Spina Bifida Treatment

Spina bifida treatment depends upon the seriousness of the condition. Spina bifida occulta usually does not require any treatment at all, but other types of spina bifida do.



Surgery before birth

Nerve function in babies with spina bifida might worsen after birth if spina bifida is not treated. Prenatal surgery for spina bifida or fetal surgery takes place before the twenty sixth week of pregnancy. Surgeons view the pregnant mother's uterus surgically, open the uterus and fix the baby's spinal cord. In select patients, this procedure might also be performed less invasively with a fetoscope through ports in the uterus.

Research indicates that children with spina bifida who had fetal surgery might have reduced disability and be less likely to need crutches or other walking devices. Fetal surgery might also reduce the risk of hydrocephalus. Ask your healthcare provider whether this procedure might be appropriate for you. Discuss the potential benefits and risks, for instance possible premature delivery and other complications, for you and your baby.

It is important to have a comprehensive evaluation to determine whether fetal surgery is possible. This specialized surgery must only be done at a healthcare facility that has skillful fetal surgery experts, a multispecialty team approach and neonatal intensive care. Customarily the team consists of a fetal surgeon, pediatric neurosurgeon, maternal-fetal medicine specialist, fetal cardiologist and neonatologist.



Cesarean birth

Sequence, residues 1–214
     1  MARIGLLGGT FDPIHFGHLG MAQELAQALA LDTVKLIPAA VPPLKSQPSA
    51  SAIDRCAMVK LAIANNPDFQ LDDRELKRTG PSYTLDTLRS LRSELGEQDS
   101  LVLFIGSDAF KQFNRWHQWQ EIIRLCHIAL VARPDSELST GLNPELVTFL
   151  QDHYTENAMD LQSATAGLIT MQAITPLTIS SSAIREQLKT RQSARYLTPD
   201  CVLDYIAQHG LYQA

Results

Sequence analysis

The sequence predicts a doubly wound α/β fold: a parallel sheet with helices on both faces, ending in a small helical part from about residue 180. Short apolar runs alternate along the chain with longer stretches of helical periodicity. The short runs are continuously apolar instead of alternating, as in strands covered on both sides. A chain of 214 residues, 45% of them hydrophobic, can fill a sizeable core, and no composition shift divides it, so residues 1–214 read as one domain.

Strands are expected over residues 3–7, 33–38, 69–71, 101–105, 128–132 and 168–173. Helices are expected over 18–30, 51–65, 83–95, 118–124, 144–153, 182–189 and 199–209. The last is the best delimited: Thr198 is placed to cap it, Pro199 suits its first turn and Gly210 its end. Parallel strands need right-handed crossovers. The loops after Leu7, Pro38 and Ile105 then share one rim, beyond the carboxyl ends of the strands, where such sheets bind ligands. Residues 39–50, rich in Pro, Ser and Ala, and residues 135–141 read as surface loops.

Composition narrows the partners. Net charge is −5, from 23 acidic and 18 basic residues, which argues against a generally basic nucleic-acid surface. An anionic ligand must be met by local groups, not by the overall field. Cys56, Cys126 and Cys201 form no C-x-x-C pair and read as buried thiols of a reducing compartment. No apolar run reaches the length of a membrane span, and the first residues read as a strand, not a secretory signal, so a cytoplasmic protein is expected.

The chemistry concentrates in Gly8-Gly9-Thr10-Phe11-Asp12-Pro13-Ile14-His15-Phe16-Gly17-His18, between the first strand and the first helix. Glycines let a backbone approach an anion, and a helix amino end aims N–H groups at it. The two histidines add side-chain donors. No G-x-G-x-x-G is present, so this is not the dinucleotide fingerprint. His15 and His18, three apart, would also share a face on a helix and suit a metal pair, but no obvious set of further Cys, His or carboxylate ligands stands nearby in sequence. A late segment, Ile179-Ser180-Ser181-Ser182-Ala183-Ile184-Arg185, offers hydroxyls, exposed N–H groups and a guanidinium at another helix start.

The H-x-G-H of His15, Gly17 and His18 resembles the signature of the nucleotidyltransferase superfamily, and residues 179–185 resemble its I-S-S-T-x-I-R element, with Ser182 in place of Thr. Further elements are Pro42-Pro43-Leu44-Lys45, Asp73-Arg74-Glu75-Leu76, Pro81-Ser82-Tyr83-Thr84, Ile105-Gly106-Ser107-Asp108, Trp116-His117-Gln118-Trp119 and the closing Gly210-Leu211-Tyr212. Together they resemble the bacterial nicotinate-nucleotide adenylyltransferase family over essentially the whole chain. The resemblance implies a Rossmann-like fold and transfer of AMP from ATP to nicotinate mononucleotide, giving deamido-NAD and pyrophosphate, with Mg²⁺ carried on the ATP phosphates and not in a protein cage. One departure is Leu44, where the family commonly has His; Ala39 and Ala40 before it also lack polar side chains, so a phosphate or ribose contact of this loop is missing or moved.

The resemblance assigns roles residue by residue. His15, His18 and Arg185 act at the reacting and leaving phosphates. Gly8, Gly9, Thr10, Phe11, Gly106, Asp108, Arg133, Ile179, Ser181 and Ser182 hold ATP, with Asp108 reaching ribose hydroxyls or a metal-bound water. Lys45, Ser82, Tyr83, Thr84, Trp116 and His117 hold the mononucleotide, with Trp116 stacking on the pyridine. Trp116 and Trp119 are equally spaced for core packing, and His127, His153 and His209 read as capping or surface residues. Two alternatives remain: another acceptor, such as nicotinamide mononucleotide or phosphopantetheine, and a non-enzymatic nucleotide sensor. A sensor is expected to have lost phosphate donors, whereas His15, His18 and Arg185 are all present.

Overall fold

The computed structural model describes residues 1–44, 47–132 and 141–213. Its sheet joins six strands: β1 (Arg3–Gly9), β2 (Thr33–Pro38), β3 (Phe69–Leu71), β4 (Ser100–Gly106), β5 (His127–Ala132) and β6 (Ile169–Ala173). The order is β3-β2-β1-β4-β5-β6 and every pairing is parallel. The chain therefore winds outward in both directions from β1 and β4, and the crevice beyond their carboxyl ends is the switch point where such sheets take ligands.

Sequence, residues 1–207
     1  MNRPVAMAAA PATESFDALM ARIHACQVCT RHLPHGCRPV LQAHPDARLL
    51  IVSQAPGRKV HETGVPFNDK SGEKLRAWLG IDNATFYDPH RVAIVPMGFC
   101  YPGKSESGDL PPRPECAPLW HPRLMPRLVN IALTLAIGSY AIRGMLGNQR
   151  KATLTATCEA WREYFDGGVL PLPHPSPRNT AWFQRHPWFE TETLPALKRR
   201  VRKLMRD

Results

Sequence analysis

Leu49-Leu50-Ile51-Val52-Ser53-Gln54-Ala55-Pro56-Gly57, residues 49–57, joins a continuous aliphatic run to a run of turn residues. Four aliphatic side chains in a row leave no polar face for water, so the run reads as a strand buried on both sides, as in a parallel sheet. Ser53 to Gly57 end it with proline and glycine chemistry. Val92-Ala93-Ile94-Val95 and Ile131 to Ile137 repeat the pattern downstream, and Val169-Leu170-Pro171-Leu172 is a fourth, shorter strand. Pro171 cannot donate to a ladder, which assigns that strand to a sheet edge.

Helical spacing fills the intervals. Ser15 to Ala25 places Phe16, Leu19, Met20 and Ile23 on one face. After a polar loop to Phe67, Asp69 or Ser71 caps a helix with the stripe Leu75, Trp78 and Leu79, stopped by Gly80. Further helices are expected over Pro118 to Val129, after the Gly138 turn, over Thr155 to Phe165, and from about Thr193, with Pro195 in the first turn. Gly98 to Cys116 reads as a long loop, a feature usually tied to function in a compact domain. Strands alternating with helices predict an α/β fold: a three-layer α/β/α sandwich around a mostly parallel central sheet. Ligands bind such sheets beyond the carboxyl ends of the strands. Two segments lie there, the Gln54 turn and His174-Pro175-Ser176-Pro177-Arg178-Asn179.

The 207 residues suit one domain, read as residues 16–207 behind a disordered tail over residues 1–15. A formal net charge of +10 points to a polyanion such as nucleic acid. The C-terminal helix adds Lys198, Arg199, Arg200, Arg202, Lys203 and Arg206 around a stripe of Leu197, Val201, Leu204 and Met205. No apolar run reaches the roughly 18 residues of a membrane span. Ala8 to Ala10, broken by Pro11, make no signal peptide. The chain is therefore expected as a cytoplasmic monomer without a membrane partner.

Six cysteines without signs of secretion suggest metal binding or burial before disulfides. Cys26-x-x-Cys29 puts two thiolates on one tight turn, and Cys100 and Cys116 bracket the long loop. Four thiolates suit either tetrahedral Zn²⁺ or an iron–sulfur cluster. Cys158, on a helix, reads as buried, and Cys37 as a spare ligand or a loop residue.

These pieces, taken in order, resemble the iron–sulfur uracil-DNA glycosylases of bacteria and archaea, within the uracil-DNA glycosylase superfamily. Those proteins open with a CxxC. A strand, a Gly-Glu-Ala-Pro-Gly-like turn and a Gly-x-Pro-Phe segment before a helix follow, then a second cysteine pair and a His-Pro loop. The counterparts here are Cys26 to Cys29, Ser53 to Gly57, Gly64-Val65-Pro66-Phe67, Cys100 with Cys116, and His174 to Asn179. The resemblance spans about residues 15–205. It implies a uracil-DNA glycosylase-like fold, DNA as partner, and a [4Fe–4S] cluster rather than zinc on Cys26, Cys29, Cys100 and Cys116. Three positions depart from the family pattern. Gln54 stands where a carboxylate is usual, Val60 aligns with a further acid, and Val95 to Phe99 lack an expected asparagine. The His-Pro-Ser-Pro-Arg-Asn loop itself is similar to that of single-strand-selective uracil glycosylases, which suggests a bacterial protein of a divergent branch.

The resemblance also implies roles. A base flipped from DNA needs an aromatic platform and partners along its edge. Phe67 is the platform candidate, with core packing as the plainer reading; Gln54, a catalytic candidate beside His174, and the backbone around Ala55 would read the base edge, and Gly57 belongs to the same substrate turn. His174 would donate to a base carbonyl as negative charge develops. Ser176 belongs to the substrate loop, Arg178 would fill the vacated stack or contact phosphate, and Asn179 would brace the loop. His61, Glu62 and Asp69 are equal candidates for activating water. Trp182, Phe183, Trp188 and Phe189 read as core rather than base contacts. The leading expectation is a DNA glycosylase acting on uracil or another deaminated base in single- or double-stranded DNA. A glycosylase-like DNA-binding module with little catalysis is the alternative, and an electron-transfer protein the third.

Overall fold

Several babies with myelomeningoceles tend to be in a feet-first (breech) position. If your baby is in this situation or position and if your healthcare provider has discovered a large cyst or sac, cesarean birth might be a safer way to deliver your baby.



Surgery after birth

Myelomeningocele needs surgery. Performing the surgery as early as possible might help minimize the risk of infection related with the exposed nerves. It might also help protect the spinal cord from more trauma.

During the procedure, a neurosurgeon places the spinal cord and vulnerable tissue inside the baby's body and covers them with muscle and skin. At the same time, the neurosurgeon might place a shunt in the baby's brain to control hydrocephalus.

Treatment for complications

In babies with myelomeningocele, irreversible nerve damage has likely already happened and ongoing care from a multispecialty team of surgeons, physicians and therapists is often required. Babies with myelomeningocele might need more surgery for a variety of complications. Treatment for complications for instance weak legs, bladder and bowel problems, or hydrocephalus usually begins soon after birth.

Depending upon the seriousness of spina bifida and the complications, treatment options might include:


  •   Walking and mobility aids - Some babies might start exercises to get their legs ready for walking with braces or crutches when they are older. Some children might need walkers or a wheelchair. Mobility aids, along with regular physical therapy, might help a child become independent. Even the children who do require a wheelchair might learn to function very well and become self-sufficient.